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AIA, the Asian life insurance arm of AIG, raised $17.9 billion US by pricing its Hong Kong IPO at the top of its range, as investors piled into a company with a wide footprint across rapidly growing Asia.
The pricing of the IPO, set to be the world's third biggest, comes amid a boom of new listings in Asia and puts an end to a long-running saga for American International Group Inc.
Its bid to sell AIA and use some of the proceeds to pay back part of a whopping $182.3 billion U.S. bailout it received during the financial crisis began two years ago and included two failed auction attempts and two floatation efforts.
AIA said on Friday the IPO was priced at HK$19.68 each and fully exercised the upsize option, confirming an earlier
Reuters report. If the underwriters exercise the overallotment option, the IPO size will rise by 15 percent to $20.5 billion. AIA's trading debut is set for Oct. 29.
"Investors did not dare to miss this jumbo deal, as the market has ample liquidity and the sentiment is very strong," said Antonny Cheng, a fund manager at Gain Asset Management Ltd.
AIA has been in the Asian region for more than 90 years and operates in 15 markets, with forecast pre-tax operating profit of $2 billion.
Life insurance premiums in Asia-Pacific are forecast to grow at a compound annual clip of 12.3 percent between
2009-2014, Sigma Swiss Re estimates, compared with flat to modest growth in other parts of the world.
Still, the company faces a tough challenge with expanding in China, where the mainland's top industry players dominate and more foreign competitors are flooding the market.
The IPO will value AIA at $30.5 billion at the top end, with AIG holding a 41.6-percent stake that will drop to 33 percent if the green-shoe option is exercised in full.
"It's more or less fully valued after the shares were sold
at the top end," said Francis Lun, general manager with Fulbright Securities. "Still one could expect a 5 percent upside on debut."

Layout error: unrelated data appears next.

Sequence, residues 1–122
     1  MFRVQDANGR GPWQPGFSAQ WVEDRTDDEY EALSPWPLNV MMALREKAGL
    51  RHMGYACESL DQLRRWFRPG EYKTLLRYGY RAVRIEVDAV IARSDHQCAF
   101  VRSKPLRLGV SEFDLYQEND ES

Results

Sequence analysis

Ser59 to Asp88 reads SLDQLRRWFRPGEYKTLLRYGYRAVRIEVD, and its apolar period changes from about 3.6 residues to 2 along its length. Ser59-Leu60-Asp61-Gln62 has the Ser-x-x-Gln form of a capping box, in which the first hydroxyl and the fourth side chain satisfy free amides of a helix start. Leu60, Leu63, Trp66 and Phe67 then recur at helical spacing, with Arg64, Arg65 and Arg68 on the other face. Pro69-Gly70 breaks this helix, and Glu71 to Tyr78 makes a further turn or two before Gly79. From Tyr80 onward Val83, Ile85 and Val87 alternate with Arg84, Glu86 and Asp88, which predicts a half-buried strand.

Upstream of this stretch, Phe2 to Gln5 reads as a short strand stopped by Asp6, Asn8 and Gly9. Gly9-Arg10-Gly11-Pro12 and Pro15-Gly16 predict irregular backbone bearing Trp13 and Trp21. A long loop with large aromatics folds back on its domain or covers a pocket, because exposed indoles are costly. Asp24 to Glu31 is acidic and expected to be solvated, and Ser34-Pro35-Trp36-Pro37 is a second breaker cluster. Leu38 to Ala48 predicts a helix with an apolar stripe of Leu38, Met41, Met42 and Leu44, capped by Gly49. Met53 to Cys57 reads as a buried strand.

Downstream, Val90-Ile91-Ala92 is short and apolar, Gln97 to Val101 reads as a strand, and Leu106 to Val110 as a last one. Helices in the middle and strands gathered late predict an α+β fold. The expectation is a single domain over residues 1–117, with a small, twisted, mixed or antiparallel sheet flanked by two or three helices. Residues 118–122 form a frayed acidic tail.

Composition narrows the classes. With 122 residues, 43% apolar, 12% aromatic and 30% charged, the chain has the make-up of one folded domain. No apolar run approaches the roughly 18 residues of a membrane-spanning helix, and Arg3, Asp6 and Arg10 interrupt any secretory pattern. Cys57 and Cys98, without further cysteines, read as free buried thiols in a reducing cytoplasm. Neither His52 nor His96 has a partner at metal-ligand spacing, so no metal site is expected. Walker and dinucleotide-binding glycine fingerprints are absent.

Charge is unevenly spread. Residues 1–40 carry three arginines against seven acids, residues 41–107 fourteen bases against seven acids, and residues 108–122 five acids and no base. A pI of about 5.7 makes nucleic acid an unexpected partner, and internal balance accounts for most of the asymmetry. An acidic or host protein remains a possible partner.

AIA sold 5.86 billion secondary shares and exercised the upsize option to sell an additional 1.17 billion secondary shares due to strong demand from investors.
Unlike many other foreign insurers, AIA has 100 percent ownership of its entities in China, Indonesia, Malaysia, Thailand and Vietnam. AIA has more than 300,000 agents in Asia.
"This is a cost effective way for IPO investors to ride China's growth," said Francis Gaskins, president of IPOdesktop.com in Marina del Rey, California.
Asian IPOs raised $90 billion in the first three quarters, more than double the combined total from the United States, Europe, the Middle East and Africa, according to Thomson
LONG ROAD TO IPO
AIA IPO and auction efforts started and stopped just after the U.S. bailout. AIA was nearly sold this year to British insurer Prudential, which offered $35.5 billion but then trimmed the amount to $30.4 billion. The talks collapsed in May.
The successful listing of AIA will be welcome news to Robert Benmosche, AIG's third CEO since the bailout. AIG and the U.S. government last month agreed on a plan that would step up the payback of AIG's bailout.
The AIA IPO is expected to generate up to $355 million in fees for banks involved in the sale.
That will take year-to-date fees from Asia IPOs to $2.67 billion, according to Thomson Reuters/Freeman Consulting data, making 2010 the best year for IPO commissions since 2000.
A source with direct knowledge of the matter told Reuters that demand from institutions exceeded the offering size by eight times. The retail portion of the AIA offering, which was 10 percent of the deal, generated demand in excess of $14 billion, according to a term sheet obtained by Reuters.
AIA CEO Mark Tucker, who was roped into AIA from Prudential in July, is an old Asia hand, having worked in the region for 17 years.
Tucker, 52, is credited with building Prudential's Asian business, but has new hurdles at AIA.
The former professional footballer has said he will focus on organic growth to expand AIA's Asian platform. His major challenge is to boost growth in China, a market which is fast growing but dominated by home grown insurers.
AIA relies heavily on an agency network to drive premiums, and only about 8 percent of its business comes from
bancassurance. Tucker told a media briefing last week, beefing up bancassurance was a key focus area.
AIA will be valued at 1.32 times price to embedded value, far lower than some of the Chinese insurers such as China Life and Ping An Insurance Co.
By comparison, China Life Insurance, China's No.1 life insurer traded at 2.38 times forecast 2010 embedded value, a Merrill Lynch report says.